Lack of modern and efficient infrastructure in Africa has been cited as one of the biggest impediments stifling the continent’s efforts to become competitive globally. According to the African Development Bank, Africa requires an annual injection of $ 130b to $170b so as to fix the infrastructure gap. According to the Infrastructure Financing Trends in Africa 2017 report published by the ICA, a tripartite relationship between bilateral donors, multilateral agencies and African institutions that are involved in financing infrastructure, total funding for infrastructure in 2017 stood at $ 81b, the highest since 2010 and 22% higher than in 2016. This rise is mainly attributed to increased Chinese investment and expenditure by African governments in infrastructure.
Out of the $ 81b funding raised for infrastructure in 2017, only a paltry $2.8b was injected by the private sector. This is despite initiatives by most African countries to establish and strengthen their Public-Private Partnership regulatory framework to attract the private sector into infrastructural development. Most of the mega infrastructure projects in Africa are Greenfield and as such the private sector has shied away and opted for brownfield projects; as the latter bypasses the development and construction risk exposures inherent in Greenfield projects.
Given the challenges of marshaling private funding into infrastructure, the ICA is left at the center stage in the modernization of infrastructure in Africa. How then can these players influence the way Africa conceptualizes, structures, implements and manages infrastructure projects? The following measures by the ICA can turn around this situation:
i) Strengthening and participating in project preparation and planning
The Government’s contracting authorities should engage the expertise of the private sector in the preparation and planning stage especially for large and complex projects. The ICA should also second staff to join the team to enhance efficiency in this critical stage more so in ensuring that the projects are packaged to meet the conditions, requirements and limitations of the specific lenders and grantors of those projects.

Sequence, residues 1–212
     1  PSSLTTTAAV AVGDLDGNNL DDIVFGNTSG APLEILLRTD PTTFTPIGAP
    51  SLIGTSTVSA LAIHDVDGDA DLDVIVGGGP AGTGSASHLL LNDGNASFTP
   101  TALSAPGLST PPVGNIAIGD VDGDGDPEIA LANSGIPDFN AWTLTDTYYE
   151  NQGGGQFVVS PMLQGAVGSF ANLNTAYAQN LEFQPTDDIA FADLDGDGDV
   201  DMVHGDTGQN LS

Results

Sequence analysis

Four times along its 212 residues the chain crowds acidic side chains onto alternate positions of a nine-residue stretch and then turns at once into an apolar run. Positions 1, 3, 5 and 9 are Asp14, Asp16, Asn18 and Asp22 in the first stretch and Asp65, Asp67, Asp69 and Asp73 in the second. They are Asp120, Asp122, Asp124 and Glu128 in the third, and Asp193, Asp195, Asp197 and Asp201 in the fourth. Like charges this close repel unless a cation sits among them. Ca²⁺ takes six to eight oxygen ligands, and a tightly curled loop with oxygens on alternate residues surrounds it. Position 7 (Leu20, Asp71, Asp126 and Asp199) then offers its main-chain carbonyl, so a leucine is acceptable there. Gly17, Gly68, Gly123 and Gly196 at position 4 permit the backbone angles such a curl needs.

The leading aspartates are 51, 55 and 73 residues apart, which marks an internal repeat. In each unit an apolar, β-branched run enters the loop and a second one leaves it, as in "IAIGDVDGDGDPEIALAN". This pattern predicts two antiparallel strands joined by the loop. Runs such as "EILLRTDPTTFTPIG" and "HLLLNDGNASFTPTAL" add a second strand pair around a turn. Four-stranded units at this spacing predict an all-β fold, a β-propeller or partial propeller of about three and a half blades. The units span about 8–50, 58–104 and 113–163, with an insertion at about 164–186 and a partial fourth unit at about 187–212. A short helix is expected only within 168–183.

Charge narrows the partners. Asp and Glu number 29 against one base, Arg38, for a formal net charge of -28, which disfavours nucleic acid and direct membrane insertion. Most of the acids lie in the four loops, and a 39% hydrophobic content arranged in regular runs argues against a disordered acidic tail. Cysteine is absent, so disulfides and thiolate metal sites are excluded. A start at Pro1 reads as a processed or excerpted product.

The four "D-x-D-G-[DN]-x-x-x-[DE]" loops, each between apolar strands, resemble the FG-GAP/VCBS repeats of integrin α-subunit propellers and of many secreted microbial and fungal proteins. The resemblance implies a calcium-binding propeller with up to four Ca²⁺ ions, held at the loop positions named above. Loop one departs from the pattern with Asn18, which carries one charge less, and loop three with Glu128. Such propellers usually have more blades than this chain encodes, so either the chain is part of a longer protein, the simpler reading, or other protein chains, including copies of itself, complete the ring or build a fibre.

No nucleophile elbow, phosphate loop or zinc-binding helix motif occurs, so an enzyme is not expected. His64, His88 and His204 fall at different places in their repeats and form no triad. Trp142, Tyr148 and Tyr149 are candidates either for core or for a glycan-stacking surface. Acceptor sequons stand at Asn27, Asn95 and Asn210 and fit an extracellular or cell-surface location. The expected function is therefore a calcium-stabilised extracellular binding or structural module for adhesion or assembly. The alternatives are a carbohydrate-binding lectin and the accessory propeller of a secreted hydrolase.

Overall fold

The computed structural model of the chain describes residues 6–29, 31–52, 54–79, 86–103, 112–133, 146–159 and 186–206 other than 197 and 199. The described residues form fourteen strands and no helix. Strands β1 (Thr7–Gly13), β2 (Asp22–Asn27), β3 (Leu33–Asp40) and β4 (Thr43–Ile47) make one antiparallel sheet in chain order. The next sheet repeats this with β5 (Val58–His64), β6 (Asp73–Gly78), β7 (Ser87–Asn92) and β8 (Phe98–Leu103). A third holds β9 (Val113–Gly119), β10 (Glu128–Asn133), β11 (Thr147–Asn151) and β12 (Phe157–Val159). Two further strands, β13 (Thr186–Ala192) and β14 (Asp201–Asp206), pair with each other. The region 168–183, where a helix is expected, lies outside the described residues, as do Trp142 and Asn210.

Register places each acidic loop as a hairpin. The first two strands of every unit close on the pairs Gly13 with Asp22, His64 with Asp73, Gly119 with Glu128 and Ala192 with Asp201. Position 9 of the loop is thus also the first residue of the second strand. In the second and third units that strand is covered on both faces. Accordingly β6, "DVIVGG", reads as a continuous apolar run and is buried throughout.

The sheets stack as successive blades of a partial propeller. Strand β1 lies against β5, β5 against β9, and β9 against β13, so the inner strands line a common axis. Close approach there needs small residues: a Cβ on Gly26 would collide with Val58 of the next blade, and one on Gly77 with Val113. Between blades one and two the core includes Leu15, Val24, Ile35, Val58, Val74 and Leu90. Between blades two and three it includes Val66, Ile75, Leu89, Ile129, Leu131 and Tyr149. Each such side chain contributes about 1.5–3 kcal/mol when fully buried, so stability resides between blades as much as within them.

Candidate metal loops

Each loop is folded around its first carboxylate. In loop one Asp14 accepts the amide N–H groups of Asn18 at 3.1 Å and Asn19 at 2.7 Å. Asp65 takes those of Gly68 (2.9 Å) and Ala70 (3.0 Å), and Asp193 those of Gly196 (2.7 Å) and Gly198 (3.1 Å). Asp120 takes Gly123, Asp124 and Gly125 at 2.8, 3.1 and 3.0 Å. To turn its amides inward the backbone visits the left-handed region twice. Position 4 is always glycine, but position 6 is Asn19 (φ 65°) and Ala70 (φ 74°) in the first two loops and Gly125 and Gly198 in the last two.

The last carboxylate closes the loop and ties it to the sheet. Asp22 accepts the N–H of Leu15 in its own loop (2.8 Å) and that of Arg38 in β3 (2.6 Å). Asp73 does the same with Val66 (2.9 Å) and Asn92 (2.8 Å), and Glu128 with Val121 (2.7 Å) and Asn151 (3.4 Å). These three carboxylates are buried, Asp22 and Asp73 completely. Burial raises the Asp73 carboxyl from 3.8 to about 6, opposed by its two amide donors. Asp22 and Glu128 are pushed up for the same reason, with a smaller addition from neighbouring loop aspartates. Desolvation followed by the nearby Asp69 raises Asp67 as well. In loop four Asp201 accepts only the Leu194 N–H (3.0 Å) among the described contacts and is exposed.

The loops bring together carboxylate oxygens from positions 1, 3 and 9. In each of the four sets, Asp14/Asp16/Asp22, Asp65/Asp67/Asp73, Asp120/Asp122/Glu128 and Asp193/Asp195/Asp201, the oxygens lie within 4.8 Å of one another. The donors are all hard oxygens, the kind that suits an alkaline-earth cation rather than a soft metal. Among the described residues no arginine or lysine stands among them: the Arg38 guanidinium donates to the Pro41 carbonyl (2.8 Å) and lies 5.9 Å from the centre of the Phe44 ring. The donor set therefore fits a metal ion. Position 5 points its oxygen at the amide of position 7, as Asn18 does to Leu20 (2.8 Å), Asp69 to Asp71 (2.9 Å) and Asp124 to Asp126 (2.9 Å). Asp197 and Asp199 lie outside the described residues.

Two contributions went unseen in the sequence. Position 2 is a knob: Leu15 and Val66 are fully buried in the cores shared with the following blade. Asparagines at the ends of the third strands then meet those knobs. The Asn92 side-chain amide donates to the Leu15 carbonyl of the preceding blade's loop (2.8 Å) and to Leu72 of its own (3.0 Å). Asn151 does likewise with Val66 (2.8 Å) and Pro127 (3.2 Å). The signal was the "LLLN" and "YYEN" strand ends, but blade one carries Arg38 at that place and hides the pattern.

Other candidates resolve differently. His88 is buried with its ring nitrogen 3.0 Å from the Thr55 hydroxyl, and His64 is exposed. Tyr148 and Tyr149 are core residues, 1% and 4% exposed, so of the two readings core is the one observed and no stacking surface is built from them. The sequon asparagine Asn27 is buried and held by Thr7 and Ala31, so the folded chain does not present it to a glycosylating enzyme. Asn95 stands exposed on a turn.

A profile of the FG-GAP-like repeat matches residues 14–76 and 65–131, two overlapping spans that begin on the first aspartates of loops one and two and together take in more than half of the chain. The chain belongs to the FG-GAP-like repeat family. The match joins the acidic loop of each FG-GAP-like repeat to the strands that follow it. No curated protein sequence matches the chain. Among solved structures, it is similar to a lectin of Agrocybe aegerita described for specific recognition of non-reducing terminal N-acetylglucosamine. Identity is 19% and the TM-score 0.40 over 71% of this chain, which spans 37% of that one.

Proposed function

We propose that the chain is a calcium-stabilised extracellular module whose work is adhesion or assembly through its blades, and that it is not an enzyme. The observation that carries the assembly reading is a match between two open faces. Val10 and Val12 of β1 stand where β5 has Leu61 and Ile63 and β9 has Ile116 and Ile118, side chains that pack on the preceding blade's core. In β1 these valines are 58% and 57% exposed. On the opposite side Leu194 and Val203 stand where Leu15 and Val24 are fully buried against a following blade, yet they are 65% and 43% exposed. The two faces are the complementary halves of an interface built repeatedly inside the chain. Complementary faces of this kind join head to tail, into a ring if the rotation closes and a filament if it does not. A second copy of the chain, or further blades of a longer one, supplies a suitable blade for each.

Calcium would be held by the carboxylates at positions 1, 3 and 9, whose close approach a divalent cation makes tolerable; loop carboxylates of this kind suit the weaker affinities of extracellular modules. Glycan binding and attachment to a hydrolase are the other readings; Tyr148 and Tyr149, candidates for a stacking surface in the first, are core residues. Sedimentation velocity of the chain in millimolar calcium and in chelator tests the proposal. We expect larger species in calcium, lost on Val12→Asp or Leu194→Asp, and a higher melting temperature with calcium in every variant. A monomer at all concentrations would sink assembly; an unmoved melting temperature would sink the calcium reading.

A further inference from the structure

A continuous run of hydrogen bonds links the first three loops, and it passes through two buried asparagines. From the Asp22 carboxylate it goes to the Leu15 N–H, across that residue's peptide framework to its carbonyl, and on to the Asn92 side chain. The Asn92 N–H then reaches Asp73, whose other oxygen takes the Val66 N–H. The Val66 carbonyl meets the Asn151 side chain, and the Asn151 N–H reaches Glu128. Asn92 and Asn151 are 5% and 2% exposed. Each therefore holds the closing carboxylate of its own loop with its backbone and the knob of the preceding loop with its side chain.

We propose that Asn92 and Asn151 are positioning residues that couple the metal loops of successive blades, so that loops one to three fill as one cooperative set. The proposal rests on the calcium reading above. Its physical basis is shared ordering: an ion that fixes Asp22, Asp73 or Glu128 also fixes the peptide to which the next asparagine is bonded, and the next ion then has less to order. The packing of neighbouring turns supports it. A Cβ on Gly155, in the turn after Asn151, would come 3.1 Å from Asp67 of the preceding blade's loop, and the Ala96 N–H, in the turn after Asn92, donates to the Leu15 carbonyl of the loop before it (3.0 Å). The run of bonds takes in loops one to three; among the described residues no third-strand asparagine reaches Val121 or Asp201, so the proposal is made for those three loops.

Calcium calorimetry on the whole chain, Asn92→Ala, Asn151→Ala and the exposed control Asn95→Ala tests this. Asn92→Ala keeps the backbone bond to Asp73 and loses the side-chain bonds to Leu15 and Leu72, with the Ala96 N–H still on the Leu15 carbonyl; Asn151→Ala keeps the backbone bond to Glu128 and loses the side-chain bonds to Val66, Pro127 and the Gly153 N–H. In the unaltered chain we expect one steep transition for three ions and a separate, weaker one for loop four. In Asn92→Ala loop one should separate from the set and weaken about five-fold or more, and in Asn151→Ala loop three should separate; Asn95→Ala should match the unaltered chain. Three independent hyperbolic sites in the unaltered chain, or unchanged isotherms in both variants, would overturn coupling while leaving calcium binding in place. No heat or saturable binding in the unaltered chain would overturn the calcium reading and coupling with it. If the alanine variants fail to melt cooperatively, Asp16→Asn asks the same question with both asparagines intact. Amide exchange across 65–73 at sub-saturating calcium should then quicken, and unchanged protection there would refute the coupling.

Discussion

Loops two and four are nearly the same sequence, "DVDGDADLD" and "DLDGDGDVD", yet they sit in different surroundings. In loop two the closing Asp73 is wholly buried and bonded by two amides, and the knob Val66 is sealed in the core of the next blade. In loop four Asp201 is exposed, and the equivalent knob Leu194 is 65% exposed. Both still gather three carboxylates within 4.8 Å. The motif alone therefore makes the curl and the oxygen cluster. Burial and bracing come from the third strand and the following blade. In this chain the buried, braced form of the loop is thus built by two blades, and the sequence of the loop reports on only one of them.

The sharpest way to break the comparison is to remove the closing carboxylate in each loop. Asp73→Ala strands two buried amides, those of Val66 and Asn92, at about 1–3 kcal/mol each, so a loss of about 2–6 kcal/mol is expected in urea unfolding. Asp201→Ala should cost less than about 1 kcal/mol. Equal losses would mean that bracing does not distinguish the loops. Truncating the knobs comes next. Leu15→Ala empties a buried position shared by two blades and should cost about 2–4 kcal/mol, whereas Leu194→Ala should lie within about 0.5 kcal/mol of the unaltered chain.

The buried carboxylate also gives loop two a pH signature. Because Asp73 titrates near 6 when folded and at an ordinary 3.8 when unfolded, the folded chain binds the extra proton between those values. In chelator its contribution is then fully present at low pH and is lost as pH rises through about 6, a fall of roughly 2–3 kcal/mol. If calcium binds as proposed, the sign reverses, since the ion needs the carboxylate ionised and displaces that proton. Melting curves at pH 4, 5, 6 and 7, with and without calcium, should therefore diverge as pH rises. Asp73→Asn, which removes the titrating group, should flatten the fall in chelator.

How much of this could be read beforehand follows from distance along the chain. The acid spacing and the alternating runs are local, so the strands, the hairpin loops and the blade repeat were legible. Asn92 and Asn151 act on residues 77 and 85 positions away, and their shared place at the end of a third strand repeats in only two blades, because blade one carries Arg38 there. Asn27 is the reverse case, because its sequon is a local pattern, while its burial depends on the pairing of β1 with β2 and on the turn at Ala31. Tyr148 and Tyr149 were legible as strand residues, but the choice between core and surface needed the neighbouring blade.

However, the cost of preparation and planning of large infrastructure projects can gobble up 5 to 10 % of the total project cost, hence straining the project budget. As a result, most contracting authorities tend to overlook this critical stage, leading to project failures. The ICA and other bodies like the Project Preparation Facilities Network should therefore strengthen and ease Governments access to funding meant for project preparation and planning.
ii) Close monitoring of project implementation schedules and cost structures
Project lenders and governments need to agree on a project monitoring and reporting framework which will then serve to guide the team during the implementation of the project so as to ensure projects are delivered on time and within the set budget. As much as most governments would see this as meddling with the internal affairs of their operations, close monitoring of project costs and time schedules will ensure that contracting authorities instill discipline and procedures that will ensure project costs are well managed and that projects are delivered within the required time frames.
iii) Project funding draw-down framework
Project lenders and project owners should agree on a project funding draw-down framework which is based on strict project milestones. Any deviation from the planned costs and time will jeopardize the access of funds to continue with the implementation of the project. This should be very clear from the onset so as to instill a culture of proactive project cash flow planning and timely draw-down of the project funds.
iv) Transparency and public information
So as to maintain public support, governments should avail information about the project to the public. Governments should periodically avail information about the status and progress of the projects so as to ensure that the public understands what the government is undertaking and the social and economic impact of the project. This can be achieved through publications on the contracting authorities’ website, in the press, on billboards etc. As a result, the public will be able to positively criticize the government when projects are delayed and in turn put pressure on the stakeholders involved to come up with corrective measures.